For many visitors the gateway to Zimbabwe is Victoria Falls’ international airport. The town of Victoria Falls is a great place to start a Zimbabwe holiday, as not only can you see the famous waterfalls, but there are also loads of exciting adventures on offer in the town and its surrounding area – everything from horseback safaris in the nearby Zambezi National Park to thrilling white-water rafting in the Zambezi River.
An hour’s drive away from Victoria Falls, Hwange National Park is easily accessible and also suitable for self-drivers without a 4x4, and a great destination to combine with spending a few days in Victoria Falls.
To the east of Hwange and straddling the Zambian border, Lake Kariba is a popular destination for a relaxing few days onboard one of the many houseboats that ply the lake’s calm waters. There’s game viewing to do from the houseboat itself, but you can also stay at a lodge on an island or on the mainland in Matusadona National Park, where you can spot the Big Five.
If you travel to Lake Kariba it definitely makes sense to head further east and add Mana Pools National Park to your itinerary. Mana Pools may not be Zimbabwe’s most easily accessible reserve (you’ll need to have a 4x4 to explore on your own), but this unspoiled wilderness is undoubtedly one of Africa’s greatest parks and an excellent place to do walking and canoeing safaris.
Microflights over Victoria Falls
Victoria Falls is Zimbabwe’s most visited attraction and one of Africa’s most thrilling natural wonders: a wide expanse of cascading water roaring down 108-metre-high cliffs. Once you’ve seen the falls on from the mist-drenched footpaths, you can get an aerial view in a helicopter – or for the brave – from the back of a tiny microlight. Besides waterfall-related activities, there are plenty of other adventures on offer in the town next to the falls and in the surrounding area. You can get your heart pumping on a white-water rafting experience on the rapids of the Zambezi River, bungee jump off the bridge that connects Zimbabwe and Zambia, go gorge swinging and abseiling, or do a walking safari in the nearby Zambezi National Park.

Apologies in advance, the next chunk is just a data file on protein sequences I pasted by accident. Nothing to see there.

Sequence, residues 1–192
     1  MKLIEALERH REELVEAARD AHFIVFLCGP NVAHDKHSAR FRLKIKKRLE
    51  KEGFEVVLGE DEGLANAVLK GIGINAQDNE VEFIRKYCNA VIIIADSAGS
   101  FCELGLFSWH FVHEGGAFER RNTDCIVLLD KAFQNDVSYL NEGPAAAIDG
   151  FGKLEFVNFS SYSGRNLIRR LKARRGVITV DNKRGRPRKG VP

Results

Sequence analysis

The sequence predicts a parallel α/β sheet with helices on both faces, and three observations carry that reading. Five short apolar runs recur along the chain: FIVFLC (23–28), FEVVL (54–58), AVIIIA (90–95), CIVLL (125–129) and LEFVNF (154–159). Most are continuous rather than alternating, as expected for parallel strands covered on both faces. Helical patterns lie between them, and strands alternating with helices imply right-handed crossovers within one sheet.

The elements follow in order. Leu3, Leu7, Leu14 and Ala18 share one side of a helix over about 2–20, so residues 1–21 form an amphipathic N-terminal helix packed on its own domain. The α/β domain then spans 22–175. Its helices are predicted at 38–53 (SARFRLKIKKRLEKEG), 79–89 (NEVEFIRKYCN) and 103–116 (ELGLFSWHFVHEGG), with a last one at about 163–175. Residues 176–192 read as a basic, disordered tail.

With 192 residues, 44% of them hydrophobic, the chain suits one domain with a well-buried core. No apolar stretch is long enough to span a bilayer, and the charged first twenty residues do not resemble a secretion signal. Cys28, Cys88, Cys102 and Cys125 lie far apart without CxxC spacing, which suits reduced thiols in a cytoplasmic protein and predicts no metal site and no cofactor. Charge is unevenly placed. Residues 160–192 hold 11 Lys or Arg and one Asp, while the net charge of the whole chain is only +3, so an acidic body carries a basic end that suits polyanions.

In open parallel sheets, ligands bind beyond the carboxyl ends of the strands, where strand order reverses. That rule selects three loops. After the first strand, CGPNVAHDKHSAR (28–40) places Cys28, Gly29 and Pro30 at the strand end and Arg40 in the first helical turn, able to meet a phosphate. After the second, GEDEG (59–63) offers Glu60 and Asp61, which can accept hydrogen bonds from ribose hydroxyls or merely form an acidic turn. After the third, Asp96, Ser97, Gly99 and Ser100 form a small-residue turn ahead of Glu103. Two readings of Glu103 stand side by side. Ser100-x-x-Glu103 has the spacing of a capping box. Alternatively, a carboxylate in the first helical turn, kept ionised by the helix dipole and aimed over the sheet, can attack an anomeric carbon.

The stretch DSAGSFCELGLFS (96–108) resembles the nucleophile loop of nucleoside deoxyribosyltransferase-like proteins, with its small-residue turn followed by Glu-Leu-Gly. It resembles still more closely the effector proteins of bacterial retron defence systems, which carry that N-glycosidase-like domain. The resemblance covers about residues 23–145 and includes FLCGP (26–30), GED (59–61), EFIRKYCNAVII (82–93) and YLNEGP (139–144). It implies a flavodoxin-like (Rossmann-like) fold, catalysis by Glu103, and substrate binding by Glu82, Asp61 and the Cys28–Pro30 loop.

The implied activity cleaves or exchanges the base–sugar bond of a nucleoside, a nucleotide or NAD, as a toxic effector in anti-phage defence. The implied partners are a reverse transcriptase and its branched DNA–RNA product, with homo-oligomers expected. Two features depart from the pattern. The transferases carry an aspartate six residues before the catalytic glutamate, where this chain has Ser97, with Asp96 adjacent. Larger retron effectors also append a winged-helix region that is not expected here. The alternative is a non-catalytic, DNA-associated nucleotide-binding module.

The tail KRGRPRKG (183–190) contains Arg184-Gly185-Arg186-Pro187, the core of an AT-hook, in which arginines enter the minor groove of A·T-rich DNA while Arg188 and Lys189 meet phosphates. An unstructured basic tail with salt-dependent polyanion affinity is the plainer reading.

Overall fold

Hwange National Park is one of Africa’s prime safari destinations, with abundant wildlife – more than 100 species of mammals, including massive herds of elephants, both black and white rhino, lots of lion and buffalo and rarer species such as sable and roan antelope. The dry season here is superb for wildlife watching, as both predators and prey congregate in huge concentrations around the park’s manmade waterholes.
The huge watery wilderness of Lake Kariba is a relaxing get-away-from-it-all destination where you can stay on a houseboat for a few days and explore the lake’s bird and animal life, go fishing or just simply soak up the sun on deck.
Matusadona National Park, which lies on the shores of Lake Kariba, is a wonderful Big Five reserve where you can do wildlife viewing either from boats on the lake or from lodges in the north of the park or on islands. The park is particularly good for buffalo, leopard, hyena and lion, while more than 240 species of birds, including an impressive array of water birds, will keep the birders happy.
For a wild safari adventure, there aren’t many better places on the continent than Mana Pools National Park, a haven for abundant animal life – huge elephant herds, lots of buffalo, high concentration of wild dog as well as lion, leopard and cheetah in an exceptionally beautiful riverine habitat. You can explore the park by 4x4 or experience this magical wilderness by doing a canoe safari, paddling along the Zambezi River and camping out under the stars on islands. It’s also a top destination for walking safaris, with some of the best guides in Africa.
While difficult to access and low on animal density, Chizarira National Park rewards intrepid safari travellers who come for a truly wild off-the-beaten-track experience in a breathtaking landscape of rugged gorges and ravines as well as for the chance to spot leopard.
For the best wildlife viewing in northern Zimbabwe’s parks, you should visit during the dry winter months of June to October, when vegetation is thinner and animals gather around water sources, making them very easy to spot. During this popular travel period, camps in Mana Pools get booked up far in advance, so be sure to plan your lodging several months before.
From November to April most roads in Mana Pools National Park are closed, so the best way to explore the park in these rainy months is by canoe.
Hwange National Park is the easiest reserve for accessibility and self-driving, while the other parks are a bit more challenging and require hiring a 4x4 and doing a bit of planning. Matusadona National Park is only accessible by boat, small plane or by a difficult 4x4 road, while Chizarira is the least accessible – with tracks that are challenging even for 4x4 drivers (and most roads inaccessible during the rainy summer months).